You might browse the archives at www.t-nation.com ... it's got a lot of good articles, if you can get past the product-pimping and screeching insecurity. Since you're a regular here, you clearly can.

Those hex bars are great. We had some in our high school gym that we used for deadlifts and shrugs. I always felt I had better form with them than a straight bar.
post #52 of 69
Quote:
Originally Posted by sonick
But I find if I do that, its tough to get the bar up over my knees coz they're still bent, unless I lean further forward so have enough room for the bar to clear my knees.

Yeah, you may not be able to time it perfectly, but just try to have your back do as little of the lifting on its own as possible. My gym at home has a machine that essentially eliminates this problem. Also, the hex bars mentioned in an earlier post are great as well.
post #53 of 69
I hit sets of 225lb for squats today (3 sets) and 205 for deadlifts (4 sets). I want those 30" legs that one dude had.
post #54 of 69
my current goal is to be doing 405 max on squats.. i'm attempting to pull 420 dl tomorrow or tues
post #55 of 69
What do you do for reps? I have no idea what my 1-rep max is.
post #56 of 69
375
post #57 of 69
Quote:
Do you mean leg extensions? Those are exercises you do in physical therapy to protect your knees. By strenthening your quads, you help stabilize your knees.
There is a difference between light therapy to rebuild a joint and using a machine to get strong and build muscle. I've heard bad things about the leg extension with regard to the stress it puts on the knee. I wouldn't touch it regardless though; squats are much more effective. "In a leg extension machine, there is a pad against the front of your shin or ankle, and you press against it to move the weight. The foot swings upward in an arc. Thus, as you can see in the figure on the right, the pressure is coming across the shin bones, not along their length. This creates the problem in the knee joint as the shin is pressed backwards." "Leg extensions do have their place, usually in rehab. If the leg extension machine is used, it is wise to use a smaller range of motion, perhaps the top third of the movement (from slightly bent to fully straight leg), and light weight."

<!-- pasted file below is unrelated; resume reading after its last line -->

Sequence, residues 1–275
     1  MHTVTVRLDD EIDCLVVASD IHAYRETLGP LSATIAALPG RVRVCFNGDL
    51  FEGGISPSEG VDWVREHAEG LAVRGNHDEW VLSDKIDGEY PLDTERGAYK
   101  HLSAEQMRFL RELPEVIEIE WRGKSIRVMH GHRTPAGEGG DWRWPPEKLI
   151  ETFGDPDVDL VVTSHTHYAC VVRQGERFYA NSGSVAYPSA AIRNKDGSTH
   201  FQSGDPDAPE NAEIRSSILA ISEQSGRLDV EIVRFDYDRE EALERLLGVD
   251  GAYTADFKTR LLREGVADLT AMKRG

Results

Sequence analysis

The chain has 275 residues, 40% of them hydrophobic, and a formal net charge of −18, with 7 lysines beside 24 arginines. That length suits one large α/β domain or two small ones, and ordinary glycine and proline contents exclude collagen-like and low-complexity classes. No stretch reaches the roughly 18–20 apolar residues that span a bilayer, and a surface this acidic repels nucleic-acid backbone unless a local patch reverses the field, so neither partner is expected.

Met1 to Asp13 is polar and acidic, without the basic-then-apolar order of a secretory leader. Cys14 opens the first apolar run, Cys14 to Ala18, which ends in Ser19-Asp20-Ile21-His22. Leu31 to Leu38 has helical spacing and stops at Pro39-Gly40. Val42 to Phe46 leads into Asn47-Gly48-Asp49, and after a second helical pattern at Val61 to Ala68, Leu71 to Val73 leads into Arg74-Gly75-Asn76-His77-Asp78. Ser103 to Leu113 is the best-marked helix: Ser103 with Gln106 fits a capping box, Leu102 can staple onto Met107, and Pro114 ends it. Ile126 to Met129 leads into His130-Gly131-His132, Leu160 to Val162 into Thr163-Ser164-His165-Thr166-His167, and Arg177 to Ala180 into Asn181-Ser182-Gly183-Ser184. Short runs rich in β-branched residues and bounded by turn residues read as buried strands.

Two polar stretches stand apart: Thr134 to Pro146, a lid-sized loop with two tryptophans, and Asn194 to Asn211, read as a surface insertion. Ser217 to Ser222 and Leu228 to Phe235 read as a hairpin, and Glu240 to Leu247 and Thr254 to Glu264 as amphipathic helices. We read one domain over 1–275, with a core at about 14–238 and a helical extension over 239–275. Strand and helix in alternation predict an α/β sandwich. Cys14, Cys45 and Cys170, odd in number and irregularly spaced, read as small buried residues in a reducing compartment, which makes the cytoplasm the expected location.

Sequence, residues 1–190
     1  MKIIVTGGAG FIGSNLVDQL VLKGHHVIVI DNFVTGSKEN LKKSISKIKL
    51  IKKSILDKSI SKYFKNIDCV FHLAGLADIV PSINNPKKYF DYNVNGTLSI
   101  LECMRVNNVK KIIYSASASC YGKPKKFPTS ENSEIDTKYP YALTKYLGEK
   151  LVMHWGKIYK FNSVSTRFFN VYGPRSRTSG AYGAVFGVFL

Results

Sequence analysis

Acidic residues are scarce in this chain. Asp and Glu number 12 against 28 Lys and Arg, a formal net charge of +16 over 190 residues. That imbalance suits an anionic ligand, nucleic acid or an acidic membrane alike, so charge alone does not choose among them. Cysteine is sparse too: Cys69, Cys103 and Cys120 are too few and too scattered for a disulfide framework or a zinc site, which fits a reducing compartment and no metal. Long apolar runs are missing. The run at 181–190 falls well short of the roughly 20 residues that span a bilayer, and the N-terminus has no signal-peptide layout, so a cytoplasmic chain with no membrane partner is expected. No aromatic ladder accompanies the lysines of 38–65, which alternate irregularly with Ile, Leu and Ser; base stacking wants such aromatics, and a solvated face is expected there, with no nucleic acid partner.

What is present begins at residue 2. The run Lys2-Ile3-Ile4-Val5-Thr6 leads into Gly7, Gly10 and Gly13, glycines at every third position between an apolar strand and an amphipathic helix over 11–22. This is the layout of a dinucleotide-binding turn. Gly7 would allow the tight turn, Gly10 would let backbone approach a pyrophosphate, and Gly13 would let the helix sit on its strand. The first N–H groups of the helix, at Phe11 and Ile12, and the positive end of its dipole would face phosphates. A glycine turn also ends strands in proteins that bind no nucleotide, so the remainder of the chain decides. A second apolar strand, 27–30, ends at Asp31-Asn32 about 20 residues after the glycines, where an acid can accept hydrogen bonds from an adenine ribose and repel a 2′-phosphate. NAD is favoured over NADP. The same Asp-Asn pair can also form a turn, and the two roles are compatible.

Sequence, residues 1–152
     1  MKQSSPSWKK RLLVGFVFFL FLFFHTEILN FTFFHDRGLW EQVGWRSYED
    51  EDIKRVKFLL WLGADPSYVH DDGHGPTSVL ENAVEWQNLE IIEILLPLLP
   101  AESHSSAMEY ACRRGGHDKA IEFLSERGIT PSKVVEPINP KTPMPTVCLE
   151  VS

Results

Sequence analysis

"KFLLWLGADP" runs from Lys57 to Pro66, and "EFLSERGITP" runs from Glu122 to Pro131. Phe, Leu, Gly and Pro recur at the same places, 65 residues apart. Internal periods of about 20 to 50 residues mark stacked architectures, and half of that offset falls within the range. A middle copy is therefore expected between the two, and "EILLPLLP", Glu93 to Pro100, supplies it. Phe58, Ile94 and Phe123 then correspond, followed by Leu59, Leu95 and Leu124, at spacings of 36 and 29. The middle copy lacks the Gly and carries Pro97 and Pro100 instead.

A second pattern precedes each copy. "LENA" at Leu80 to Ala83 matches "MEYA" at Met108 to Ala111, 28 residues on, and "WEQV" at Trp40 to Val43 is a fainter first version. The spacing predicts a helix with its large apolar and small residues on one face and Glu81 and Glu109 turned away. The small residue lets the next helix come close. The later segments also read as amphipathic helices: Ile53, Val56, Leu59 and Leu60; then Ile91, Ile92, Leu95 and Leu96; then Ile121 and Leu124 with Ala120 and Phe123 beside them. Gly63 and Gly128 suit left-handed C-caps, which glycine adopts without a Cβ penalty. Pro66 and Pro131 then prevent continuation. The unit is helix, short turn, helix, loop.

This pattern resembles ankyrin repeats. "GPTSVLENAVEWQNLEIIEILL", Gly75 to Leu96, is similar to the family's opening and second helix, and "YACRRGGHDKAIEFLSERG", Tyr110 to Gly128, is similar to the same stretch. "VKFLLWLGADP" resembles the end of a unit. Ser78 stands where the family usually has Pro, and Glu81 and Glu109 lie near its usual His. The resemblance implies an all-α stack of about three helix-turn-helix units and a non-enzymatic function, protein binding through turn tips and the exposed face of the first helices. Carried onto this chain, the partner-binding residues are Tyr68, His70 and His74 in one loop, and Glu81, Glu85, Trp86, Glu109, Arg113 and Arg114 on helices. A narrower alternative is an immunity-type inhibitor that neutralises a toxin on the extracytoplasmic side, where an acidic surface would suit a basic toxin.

Quote:
And this doesn't make sense. If I squat to parallel, I'm only there a slit second until I go back up. If I pass by parallel both on the way up and down, I'm probably going to be in that position twice as long. If you go all the way down, you are flexing your knee joint past its normal flexion point, which puts tremendous strain on it. Not to mention the tendency to bounce just a bit, which contributes to this hyperflexion.
"While biomechanical research does support the fact that forces on the connective tissues of the knee increase with the knee angle, particularly on the posterior cruciate ligament, there is no evidence that these increased forces actually lead to injury. There is no direct evidence that full squatting causes or even exacerbates knee pain nor damage. I do not know of a single documented case where full squatting led directly to knee injury. Not one!" "No study, short or long term, has ever shown an increase in knee laxity from deep squatting." "...knee injury usually results from varus or valgus force (twisting of the joint in either direction), inappropriate loading, or forcible shear across the joint. It does not occur simply from taking the knee joint through a full range of motion, using correct technique, and using a weight which is appropriate to the abilities of the trainee." http://www.stumptuous.com/cms/displayarticle.php?aid=52
post #58 of 69
^ not exactly an orthopedic medicine journal. This woman's background is fine arts and women's studies.
post #59 of 69
Ok, stop being stubborn and just think about it: If you go to parallel, there is pressure on the knee caps. next you're going to tell me to go ABOVE parallel?
post #60 of 69
Machines, including the leg press, are based on the theory of peak contraction, meaning you start at your weakest point. Good strength coaches consider many machines more dangerous than using free weights properly, in addition to being horrible tools for training. The other big problem is that they don't work stabalizer muscles. This can even cause long term strength inbalances among other problems.

Also, like knucks and others said, squatting BELOW PARALLEL is the only way to squat.